Available science does not yet indicate a need for most in the general population to receive a COVID-19 booster shot, an international group of scientists said Monday.
Included in the group are two senior FDA officials reportedly stepping down from their positions over a disagreement with the White House.
Indeed, as previously reported by Human Events News, Marion Gruber, director of the Office of Vaccines Research and Review, and Phil Krause, deputy director, will leave their positions in October and November, respectively.
Email from Dr. Peter Marks announcing the "two retirements" calls Dr. Gruber's departure "a huge loss" and thanks Dr. Krause for "incredible contributions to public health" https://t.co/Ko5KzfhZzc pic.twitter.com/e5aolUwQ6v
— Alexander Tin (@Alexander_Tin) August 31, 2021
The two officials are allegedly leaving their positions because they are frustrated with White House pressures to move forward with booster vaccines without FDA approval, as well as with the CDC’s involvement in the vaccine approval process.
The group of international scientists published a viewpoint in The Lancet on Monday, arguing that the COVID-19 vaccines remain effective in preventing severe disease, including against the Delta Variant, Fox News reports.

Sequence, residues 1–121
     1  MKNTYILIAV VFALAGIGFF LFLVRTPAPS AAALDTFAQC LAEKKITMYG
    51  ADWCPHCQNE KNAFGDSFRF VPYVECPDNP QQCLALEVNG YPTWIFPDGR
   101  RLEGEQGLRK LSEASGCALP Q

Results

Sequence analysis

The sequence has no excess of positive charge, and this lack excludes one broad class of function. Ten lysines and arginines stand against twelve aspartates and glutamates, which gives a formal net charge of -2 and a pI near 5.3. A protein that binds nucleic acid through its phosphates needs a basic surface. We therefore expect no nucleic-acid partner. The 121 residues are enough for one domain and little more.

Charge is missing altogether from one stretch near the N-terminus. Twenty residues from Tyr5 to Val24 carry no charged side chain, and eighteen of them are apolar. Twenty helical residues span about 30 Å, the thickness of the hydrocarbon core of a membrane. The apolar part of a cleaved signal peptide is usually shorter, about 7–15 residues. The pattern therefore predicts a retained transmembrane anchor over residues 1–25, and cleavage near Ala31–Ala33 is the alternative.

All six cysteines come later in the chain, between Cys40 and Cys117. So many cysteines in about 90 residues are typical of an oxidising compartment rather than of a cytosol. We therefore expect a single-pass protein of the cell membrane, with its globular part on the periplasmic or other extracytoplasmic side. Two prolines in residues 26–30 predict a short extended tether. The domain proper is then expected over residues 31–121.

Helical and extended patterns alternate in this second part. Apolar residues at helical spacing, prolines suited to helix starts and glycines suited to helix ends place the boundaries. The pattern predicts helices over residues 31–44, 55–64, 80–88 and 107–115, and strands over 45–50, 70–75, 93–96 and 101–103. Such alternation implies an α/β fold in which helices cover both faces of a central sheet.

“Careful and public scrutiny of the evolving data will be needed to assure that decisions about boosting are informed by reliable science more than by politics,” authors wrote.
“Widespread boosting should be undertaken only if there is clear evidence that it is appropriate,” they added.
The comments come after Dr. Janet Woodcock, acting commissioner of the FDA, and CDC director Dr. Rochelle Walensky advised the White House that regulators need more time to review data before approving a booster plan.
Gruber, Krause and the other authors urged caution over drawing conclusions about vaccine efficacy from preliminary observational studies possibly affected by “confounding and selective reporting.” Vaccine supply, they warned, should instead be allocated to unvaccinated populations to best reduce the risk of serious illness and emerging variants.